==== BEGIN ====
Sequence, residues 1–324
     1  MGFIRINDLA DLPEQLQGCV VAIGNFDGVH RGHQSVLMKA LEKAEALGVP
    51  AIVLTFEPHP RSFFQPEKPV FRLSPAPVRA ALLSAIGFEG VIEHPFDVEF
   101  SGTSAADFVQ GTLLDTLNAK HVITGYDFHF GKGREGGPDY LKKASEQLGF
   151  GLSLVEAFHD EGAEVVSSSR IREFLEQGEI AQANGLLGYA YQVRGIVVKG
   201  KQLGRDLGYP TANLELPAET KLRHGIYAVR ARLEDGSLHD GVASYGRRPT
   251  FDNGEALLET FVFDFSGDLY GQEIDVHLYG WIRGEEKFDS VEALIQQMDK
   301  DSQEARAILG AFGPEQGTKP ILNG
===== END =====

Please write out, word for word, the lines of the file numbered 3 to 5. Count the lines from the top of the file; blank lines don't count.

    51  AIVLTFEPHP RSFFQPEKPV FRLSPAPVRA ALLSAIGFEG VIEHPFDVEF
   101  SGTSAADFVQ GTLLDTLNAK HVITGYDFHF GKGREGGPDY LKKASEQLGF
   151  GLSLVEAFHD EGAEVVSSSR IREFLEQGEI AQANGLLGYA YQVRGIVVKG